CAIRO - As preparations are in full swing for next month's election in the western Indian state of Gujarat, Muslims are worried of a new era of marginalization and injustice under the rule of Hindu nationalists.
You can look at the open gutters and accumulated garbage, Sajid, who runs a hole-in-the wall watch repair shop in Juhapura area in the western outskirts of Ahmedabad, the largest city of Gujarat, told The Hindu Business Line newspaper.Gujarat will hold election on December 13 to elect a new legislative assembly.
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Incumbent Chief Minister Narendra Modi of the nationalist Bharatiya Janta Party (BJP), in power since 2002, is running for a fourth term against opposition leader Shaktisinh Gohil of the Indian National Congress.
But Muslims are worried that Modi's re-election would mean more years of marginalization under his rule.
Saajid, a member of the 400,000-member Muslim community who represents the majority in Juhapura, earns about Rs 3,000 from his work.
But the high living costs make this is not enough to feed his family of four.
We can still live with that, but no bank is willing to give us loans, he said.
We can open accounts and deposit money, but the moment they see a Juhapura address, no loan is sanctioned.
We have to borrow from moneylenders paying 60 per cent interest.
Aslam Mirza, who runs a tea-stall nearby, agrees.
With limited education and a Juhapura address, Muslim youth cannot get decent jobs, he said.
What is the last resort for a hungry and desperate guy? Crime of course.
There are some 140 million Muslims in Hindu-majority India and they have long complained of being discriminated against in all walks of life.
Muslims complain of decades of social and economic neglect and oppression.
Official figures reveal Muslims log lower educational levels and higher unemployment rates than the Hindu majority and other minorities like Christians and Sikhs.
They account for less than seven percent of public service employees, only five percent of railways workers, around four percent of banking employees and there are only 29,000 Muslims in India's 1.3 million-strong military.
Experts blame the financial policies of the BJP party of exacerbating the difficulties facing poor Muslim communities in the state.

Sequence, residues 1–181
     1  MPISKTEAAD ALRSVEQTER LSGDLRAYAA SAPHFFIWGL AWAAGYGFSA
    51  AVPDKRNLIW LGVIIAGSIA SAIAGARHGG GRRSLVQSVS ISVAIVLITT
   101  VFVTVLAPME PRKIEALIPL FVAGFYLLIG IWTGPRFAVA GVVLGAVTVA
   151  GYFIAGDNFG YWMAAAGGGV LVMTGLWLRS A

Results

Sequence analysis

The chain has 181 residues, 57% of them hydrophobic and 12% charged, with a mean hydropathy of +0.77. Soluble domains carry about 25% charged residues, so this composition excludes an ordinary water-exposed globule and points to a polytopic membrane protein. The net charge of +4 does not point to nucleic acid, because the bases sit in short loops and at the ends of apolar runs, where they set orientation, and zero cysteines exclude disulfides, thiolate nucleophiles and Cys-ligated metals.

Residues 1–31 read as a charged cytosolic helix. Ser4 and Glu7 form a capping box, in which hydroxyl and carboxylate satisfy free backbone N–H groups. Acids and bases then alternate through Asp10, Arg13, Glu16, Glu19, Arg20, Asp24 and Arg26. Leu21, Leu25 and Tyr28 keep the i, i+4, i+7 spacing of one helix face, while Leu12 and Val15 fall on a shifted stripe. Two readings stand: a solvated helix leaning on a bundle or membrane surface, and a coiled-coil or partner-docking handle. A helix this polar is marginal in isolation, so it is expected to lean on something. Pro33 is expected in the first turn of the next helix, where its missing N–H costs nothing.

Many of these poor communities depend both directly and indirectly on CPR and feel alienated and victimized by Modi, social scientist Achyut Yagnik said, referring to the common property resources.
The State might think it is the absolute owner of these resources, but it isn't; they belong to the community.
According to the Anthropological Survey of India, there are 87 Muslim communities in Gujarat, of which only three are business communities.
Those businessmen said would vote only for Modi.
It's because Bohras, Agha Khanis or Khojas and Memons are all mercantile communities and they support him. And the Bohra support is because their spiritual leader Syedna openly supported Modi in Rajkot recently, Yagnik said.
But the majority of Muslims opposed Modi's re-election.
The remaining Muslims are not well to do and they don't support Modi, Yagnik said.
Distribution of coastal land for industrial use has adversely affected a large number of fisherfolk or machiara in the Kutch region, most of them being Muslim.
In addition to their deteriorating economic conditions, thirty of the 87 Muslim communities complain from being defined as the socially- and educationally-backward class.
This classification makes it extremely difficult to get certification from the lower bureaucracy, which is mainly Hindu and staunch supporters of Modi, says Yagnik.
Relations between Muslims and the BJP have been strained since the 2002 massacre of Muslims in the state.
More than 2,000 Muslims were hacked and burnt to death in Gujarat in 2002 by Hindu mobs after Hindu pilgrims died in a train fire first blamed on Muslims but which a later inquiry concluded was accidental.
Several investigations at the state and federal levels accused police of failing to protect Muslims under orders from Modi and his aides, fanning one of the worst instances of sectarian violence in India.In August, an Indian court sentenced a former Indian state minister from the BJP to 28 years in jail party.
Reproduced with permission from OnIslam.net